Turnovers can be a strong indicator of a power forward's decision making ability and awareness passing out of double teams. Players with high numbers here tend to force things when trying to create offense, or may have been relied on too heavily by their college team for production. Longar Longar turned the ball over 4 times per game at Oklahoma, and JaVale McGee also struggled with driving it into traffic and turning it over on double teams. DeAndre Jordan turned it over quite a bit considering his low usage rate offensively. Brook Lopez did quite well here considering how much Stanford relied on him to produce through double and triple teams during the season.

Assist to Turnover Ratio


David Padgett averaged 1.3 assists for each turnover, and Roy Hibbert was the only center to join him with a rating of over 1. Jason Thompson, Aleks Maric and Brook Lopez rank towards the top as well, despite the high number of possessions they used each game. JaVale McGee and DeAndre Jordan came in last.

Pure Point Rating


Pure point rating can be a strong indicator of awareness and feel for the game that teams look for in this type of player, and is calculated with the formula [100 x (League Pace / Team Pace) x ([(Assists x 2/3) - Turnovers] / Minutes]. None of the centers in this class scored a positive rating, but Padgett and Hibbert again top the list. C.J. Giles joins JaVale McGee at the bottom.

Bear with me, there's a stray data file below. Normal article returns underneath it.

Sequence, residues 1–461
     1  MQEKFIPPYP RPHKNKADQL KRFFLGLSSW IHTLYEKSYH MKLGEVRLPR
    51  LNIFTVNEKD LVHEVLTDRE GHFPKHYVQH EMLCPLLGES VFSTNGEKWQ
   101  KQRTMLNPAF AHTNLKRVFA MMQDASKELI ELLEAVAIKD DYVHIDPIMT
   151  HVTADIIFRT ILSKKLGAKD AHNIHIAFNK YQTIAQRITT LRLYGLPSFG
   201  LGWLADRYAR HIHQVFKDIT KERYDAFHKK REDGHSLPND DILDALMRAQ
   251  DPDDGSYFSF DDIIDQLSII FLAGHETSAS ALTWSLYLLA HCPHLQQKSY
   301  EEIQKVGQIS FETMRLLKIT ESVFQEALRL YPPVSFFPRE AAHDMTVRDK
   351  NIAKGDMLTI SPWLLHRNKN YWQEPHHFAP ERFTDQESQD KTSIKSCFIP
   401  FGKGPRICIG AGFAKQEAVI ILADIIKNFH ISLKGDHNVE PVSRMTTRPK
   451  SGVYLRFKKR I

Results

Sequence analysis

Free Throws Attempted Per 40-Minutes Pace Adjusted


A center with a high rating will generally either show a well-developed back to the basket game or good hands and athleticism near the rim. Trent Plaisted averaged over 10 attempts per game at BYU, and Brook Lopez used his strong low-post game to average over 9. Kosta Koufos ranks last of all the centers, a surprising number for a player with his plethora of skills on the offensive end.

Free Throws Attempted Per Field Goal Attempt


Getting to the free throw line is a far more efficient way of putting up points than shooting from the field, and thus players that “live at the line” are huge assets in the NBA. DeVon Hardin and Omer Asik both lack polish on the offensive end, but have the physical tools to create havoc from just catching the ball in the right position at the rim. Some of the more skilled centers like Brook Lopez and Roy Hibbert are in the middle of the group of centers. Koufos, McGee and Speights have been criticized for being too soft because of their low number of attempts despite their physical tools and the skills they have on the offensive end.

Three Pointers Made Per 40-Minutes Pace Adjusted


In certain NBA systems, a big man who can space the floor becomes a valuable asset to open driving lanes for guards. Brian Butch of Wisconsin was the only center to average one made three pointer per game, but Koufos was quite close at .9. JaVale McGee showed the ability to hit the college three at times during the season as well. Outside of Jason Thompson, none of the other centers really showed the desire or ability to shoot the three this year.